Forrester: 760M Tablets In Use By 2016, Apple ‘Clear Leader’

A new report from Forrester Research predicts that number will explode in the years ahead: its researchers say that there will be 375 million tablets sold by 2016, representing a compound annual growth rate of 46 percent, and that by 2016 there will be 760 million tablets in use overall.

That will still put tablets a ways behind PCs — there will be 2 billion PCs in use in 2016. But combined with new products like frames (essentially docks for tablets to amp up their functionality), Forrester says that tablets will gradually become the computing device of choice among consumers — especially among those in emerging markets, whose first home computing device will more likely be a tablet than a desktop or laptop PC.

 

 
Apple, which effectively created the tablet market with the launch of its iPad two years ago, and has been setting the bar for what to make ever since, has seen some reduction in its tablet market share over the last year or two as more competitors have launched products.

After New iPad, It is Time for New Samsung S III

As always, Apple is leading the smartphone market not only for the sales but also for the strategy and trend they bring together. Samsung has hit huge number of smartphone sales quite beyond of Apple. The Korean chaebol will be lining up a new 10.1-inch Galaxy Tab to complement the handset launch. According to rumors, the tablet will apparently be running a dual-core processor, and will not be the Galaxy Tab 2 10.1  (that is supposedly getting a quad-core upgrade).

It seems strange for Samsung to launch yet another tablet–a focused product lineup may be a better idea for the company instead of making so many slates. A Samsung spokesperson had previously admitted that the company wasn’t “doing very well in the tablet market”.

Samsung has confirmed that the new Galaxy S3 will be launched on May 3 at Earls Court, London – will it be your next Galaxy smartphone though. The Galaxy S 3 will be powered by a 1.4GHz quad-core processor, after Samsung confirmed the Exynos 4 Quad chip would be used in its next Galaxy device.

 

Google Tablet Delayed Until July

Gadget lovers have been speculating about the 2012 release of the Google Tablet for months. Now, sources close to the project say the iPad competitor will debut in July.

The Verge reports Google is pushing back the tablet’s previously anticipated May release, in an effort to cut prices. Manufacturers are working to bring the $249 price tag down to $199 or less.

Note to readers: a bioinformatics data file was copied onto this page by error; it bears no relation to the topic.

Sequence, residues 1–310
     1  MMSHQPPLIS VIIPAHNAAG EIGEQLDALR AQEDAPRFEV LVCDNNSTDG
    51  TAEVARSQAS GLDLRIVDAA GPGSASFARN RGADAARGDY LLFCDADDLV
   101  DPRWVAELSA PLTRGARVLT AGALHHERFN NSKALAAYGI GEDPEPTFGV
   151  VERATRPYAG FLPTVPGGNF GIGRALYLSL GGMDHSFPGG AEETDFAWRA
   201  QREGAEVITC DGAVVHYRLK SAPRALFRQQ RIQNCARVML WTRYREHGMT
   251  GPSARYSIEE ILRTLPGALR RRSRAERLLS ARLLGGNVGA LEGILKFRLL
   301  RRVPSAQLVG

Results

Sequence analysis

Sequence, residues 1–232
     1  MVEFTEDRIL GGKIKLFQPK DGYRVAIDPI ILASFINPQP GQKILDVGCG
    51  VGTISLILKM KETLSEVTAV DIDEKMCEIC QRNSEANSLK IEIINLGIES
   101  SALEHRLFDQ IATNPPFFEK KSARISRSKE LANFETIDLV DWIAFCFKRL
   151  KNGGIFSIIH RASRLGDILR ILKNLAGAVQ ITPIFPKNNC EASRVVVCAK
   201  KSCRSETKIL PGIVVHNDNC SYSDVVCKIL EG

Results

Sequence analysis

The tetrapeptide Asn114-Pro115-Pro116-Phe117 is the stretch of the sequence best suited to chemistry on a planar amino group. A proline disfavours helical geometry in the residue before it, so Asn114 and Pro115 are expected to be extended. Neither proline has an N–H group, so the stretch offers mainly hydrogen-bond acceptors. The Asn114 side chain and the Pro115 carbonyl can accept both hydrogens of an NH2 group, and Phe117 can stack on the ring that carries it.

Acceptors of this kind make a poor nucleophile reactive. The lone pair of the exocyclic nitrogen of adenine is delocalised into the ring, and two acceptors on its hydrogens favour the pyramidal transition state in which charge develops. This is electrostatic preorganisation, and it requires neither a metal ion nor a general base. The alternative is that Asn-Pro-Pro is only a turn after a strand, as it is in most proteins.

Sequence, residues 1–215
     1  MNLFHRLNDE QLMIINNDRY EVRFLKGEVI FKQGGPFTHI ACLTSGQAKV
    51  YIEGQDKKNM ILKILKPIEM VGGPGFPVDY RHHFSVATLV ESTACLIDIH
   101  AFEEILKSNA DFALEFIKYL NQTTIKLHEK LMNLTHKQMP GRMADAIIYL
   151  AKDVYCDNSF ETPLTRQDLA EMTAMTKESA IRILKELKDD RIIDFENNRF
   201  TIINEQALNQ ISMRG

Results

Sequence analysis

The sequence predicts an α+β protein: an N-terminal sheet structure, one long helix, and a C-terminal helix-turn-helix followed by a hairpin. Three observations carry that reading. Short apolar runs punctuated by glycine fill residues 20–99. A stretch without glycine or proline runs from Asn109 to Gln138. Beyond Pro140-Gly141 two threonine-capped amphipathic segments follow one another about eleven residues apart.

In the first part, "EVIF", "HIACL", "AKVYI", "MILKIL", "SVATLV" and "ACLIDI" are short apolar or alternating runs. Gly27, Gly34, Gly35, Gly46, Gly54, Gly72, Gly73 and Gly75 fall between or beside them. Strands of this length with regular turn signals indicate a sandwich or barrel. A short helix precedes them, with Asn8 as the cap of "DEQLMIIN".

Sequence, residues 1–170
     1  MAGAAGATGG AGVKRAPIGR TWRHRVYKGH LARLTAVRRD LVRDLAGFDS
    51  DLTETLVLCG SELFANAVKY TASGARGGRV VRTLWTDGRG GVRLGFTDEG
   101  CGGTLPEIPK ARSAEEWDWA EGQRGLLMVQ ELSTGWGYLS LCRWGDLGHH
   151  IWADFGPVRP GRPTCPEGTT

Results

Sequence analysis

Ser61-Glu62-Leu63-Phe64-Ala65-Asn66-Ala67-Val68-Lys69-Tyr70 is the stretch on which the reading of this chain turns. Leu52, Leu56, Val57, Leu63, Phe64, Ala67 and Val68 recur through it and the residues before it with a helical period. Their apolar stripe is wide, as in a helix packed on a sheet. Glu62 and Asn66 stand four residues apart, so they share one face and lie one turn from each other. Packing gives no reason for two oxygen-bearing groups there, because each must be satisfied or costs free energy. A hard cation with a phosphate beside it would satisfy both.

DigiTimes reports the lower price will help Google compete with Amazon’s Kindle Fire — which is now leading the 7-inch tablet market with its $199 model. It sold over five million units last quarter. The Barnes & Noble Nook Color Tablet — also running the Android operating system — is priced at $169 for the 7-inch touchscreen version.

By contrast, Apple is high-end, selling one of the most expensive tablets on the market with its lowest-priced 9.5-inch iPad (16GB Wi-Fi-only) costing $499.

Facebook- Google Battle Round 2 : Facebook Is Building a Search Engine

 

I’m not surprised that Facebook is building its own search engine. Search could be much improved with social signals. And search is one of the places Facebook users spend most of their online time away from FB.  Google needs to keep an eye on this!

Is Facebook building a Google rival — one that would use your location and your friends’ tastes?

A team of more than 20 Facebook engineers — led by a former Google programmer — is at work on a vastly improved search engine within the site, according a Businessweek report.

The idea, according to two sources, is to take better advantage of the heaps of content Facebook users create on — and off — the site every day. With people sharing status updates and supporting brand pages on the network, as well as using Facebook’s “Like” button to mark articles and videos from external sites, there is certainly a lot to take advantage of.

Mashable contacted Facebook for more information and got this response from a company spokesperson: “We don’t comment on rumors and speculation around products.”

Google has boosted its presence in the social space recently, opening the Google+ network last fall and a “Search, Plus Your World” feature to tepid response earlier this year. So it’s interesting to see Facebook potentially make a stronger move into the search world.

A large-scale shift to a “semantic web,” where online data is is able to be delivered in more nuanced and complex ways, is gaining momentum among tech futurists. Wikipedia recently announced a project called Wikidata that aims to make its content smarter by cross-updating among Wikipedia pages when they are edited. A more robust Facebook search functionality would be another step toward that semantic web.

Facebook founder Mark Zuckerberg has consistently downplayed the level of direct competition between Facebook and Google. “I don’t think that this is going to be the type of situation when one company wins all this stuff,” he told Charlie Rose of PBS last fall.

If the Businessweek report is true, however, it will add yet another area of heightened competitive overlap between the two Silicon Valley giants.

We Need a Mobile Strategy

At the beginning of my career, I had the chance working with ‘ strategy consultants ‘. Setting strategies and business goals are one the key compenents of  companies.  When it comes to telecommunications and mobile , it is also same.  No surprise that mobile is one of the top focus areas in 2012 marketing plans.  Cannes even announced a new mobile category.